from Sanskrit arya, “noble”), a people who, in prehistoric times, settled in Iran and northern India. From their language, also called Aryan, the Indo-European languages of South Asia are descended. In the 19th century the term was used as a synonym for “Indo-European” and also, more restrictively, to refer to the Indo-Iranian languages (q.v.). It is now used in linguistics only in the sense of the term Indo-Aryan languages (q.v.).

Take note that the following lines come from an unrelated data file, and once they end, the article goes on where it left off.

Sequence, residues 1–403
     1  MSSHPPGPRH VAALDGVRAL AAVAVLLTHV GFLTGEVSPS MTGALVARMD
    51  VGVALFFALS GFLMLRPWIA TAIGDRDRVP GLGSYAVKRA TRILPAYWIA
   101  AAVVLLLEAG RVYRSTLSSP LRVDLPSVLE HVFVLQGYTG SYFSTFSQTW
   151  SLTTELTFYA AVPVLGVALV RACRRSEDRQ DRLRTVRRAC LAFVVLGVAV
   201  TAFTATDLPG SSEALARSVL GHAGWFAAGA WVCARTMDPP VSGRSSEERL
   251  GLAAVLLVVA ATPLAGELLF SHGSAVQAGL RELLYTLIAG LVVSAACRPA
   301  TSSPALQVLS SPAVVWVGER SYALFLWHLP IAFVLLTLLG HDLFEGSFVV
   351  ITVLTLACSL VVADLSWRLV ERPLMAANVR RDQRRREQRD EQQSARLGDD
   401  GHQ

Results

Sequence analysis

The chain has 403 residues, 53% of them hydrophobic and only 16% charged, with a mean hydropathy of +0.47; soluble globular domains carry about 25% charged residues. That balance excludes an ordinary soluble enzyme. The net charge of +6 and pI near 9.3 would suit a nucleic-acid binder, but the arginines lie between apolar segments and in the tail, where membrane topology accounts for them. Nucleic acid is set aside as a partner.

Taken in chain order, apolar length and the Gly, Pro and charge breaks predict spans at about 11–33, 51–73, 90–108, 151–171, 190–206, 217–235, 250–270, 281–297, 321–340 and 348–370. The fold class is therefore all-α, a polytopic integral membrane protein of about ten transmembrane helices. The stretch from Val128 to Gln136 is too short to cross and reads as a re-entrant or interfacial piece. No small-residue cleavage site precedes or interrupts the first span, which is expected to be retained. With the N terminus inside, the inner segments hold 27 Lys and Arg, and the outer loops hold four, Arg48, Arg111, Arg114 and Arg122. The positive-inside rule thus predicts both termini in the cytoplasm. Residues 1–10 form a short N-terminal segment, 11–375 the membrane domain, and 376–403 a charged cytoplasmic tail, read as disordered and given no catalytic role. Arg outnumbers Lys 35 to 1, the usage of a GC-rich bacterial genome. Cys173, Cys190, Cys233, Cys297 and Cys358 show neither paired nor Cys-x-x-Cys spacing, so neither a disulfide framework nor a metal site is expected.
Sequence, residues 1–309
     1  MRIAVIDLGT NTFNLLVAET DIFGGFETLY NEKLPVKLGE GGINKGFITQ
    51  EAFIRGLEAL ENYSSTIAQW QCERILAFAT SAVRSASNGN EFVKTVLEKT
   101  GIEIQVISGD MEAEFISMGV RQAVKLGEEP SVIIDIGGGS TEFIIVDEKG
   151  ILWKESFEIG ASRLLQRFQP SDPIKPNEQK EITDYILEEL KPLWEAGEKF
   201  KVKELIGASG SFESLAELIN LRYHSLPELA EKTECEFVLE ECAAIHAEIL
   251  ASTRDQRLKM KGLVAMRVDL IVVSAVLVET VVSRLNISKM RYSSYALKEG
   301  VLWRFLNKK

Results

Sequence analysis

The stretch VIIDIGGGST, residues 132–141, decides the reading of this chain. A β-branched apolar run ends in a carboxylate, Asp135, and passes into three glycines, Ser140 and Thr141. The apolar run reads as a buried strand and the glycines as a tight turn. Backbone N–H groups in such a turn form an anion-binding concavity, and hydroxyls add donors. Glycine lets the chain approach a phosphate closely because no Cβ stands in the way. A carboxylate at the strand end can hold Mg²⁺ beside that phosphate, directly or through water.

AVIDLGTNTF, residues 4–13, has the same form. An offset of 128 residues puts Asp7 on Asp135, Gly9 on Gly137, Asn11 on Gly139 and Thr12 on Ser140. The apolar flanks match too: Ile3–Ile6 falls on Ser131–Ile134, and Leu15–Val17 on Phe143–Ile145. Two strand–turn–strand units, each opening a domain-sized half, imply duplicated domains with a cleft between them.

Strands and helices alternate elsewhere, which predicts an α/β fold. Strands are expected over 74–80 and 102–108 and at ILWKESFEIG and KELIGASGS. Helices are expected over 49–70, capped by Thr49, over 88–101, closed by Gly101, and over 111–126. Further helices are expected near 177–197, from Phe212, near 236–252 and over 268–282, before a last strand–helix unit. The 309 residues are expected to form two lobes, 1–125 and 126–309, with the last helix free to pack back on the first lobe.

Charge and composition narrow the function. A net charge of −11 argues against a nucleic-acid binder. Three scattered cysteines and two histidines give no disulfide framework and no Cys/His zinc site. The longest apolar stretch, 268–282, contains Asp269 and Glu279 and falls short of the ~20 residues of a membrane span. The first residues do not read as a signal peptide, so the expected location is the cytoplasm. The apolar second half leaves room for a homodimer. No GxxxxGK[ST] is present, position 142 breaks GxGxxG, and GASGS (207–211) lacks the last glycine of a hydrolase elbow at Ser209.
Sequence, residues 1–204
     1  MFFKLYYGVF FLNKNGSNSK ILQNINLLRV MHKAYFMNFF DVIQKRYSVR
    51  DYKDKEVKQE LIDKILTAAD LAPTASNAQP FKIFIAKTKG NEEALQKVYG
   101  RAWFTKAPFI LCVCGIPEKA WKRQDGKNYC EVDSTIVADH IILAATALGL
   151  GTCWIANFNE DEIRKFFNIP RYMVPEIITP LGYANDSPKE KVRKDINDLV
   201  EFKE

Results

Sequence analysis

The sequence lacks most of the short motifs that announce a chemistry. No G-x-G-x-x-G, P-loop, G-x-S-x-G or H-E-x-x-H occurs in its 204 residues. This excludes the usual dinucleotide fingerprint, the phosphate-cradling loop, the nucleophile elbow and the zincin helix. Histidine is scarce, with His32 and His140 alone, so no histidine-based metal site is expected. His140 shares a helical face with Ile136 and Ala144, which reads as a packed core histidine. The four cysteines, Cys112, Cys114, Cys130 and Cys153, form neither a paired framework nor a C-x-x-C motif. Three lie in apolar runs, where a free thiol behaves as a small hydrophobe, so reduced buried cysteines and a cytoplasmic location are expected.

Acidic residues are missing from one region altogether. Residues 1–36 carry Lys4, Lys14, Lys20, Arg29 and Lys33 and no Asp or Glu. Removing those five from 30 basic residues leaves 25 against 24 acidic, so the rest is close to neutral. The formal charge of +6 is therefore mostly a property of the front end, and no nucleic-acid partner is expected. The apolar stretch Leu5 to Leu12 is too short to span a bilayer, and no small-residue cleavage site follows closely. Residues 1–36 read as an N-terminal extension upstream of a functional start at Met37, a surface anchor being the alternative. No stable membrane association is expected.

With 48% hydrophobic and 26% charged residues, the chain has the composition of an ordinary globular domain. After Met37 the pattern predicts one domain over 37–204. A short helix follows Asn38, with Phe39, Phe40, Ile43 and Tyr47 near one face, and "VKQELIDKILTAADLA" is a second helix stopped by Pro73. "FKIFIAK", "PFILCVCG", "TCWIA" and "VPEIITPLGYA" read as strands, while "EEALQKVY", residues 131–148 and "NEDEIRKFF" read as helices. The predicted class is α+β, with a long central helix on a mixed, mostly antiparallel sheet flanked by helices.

During the 19th century there arose a notion—propagated most assiduously by the Comte de Gobineau and later by his disciple Houston Stewart Chamberlain (qq.v.)—of an “Aryan race,” those who spoke Indo-European languages, who were considered to be responsible for all the progress that mankind had made and who were also morally superior to “Semites,” “yellows,” and “blacks.” The Nordic, or Germanic, peoples came to be regarded as the purest “Aryans.” This notion, which had been repudiated by anthropologists by the second quarter of the 20th century, was seized upon by Adolf Hitler and the Nazis and made the basis of the German government policy of exterminating Jews, Gypsies, and other “non-Aryans.”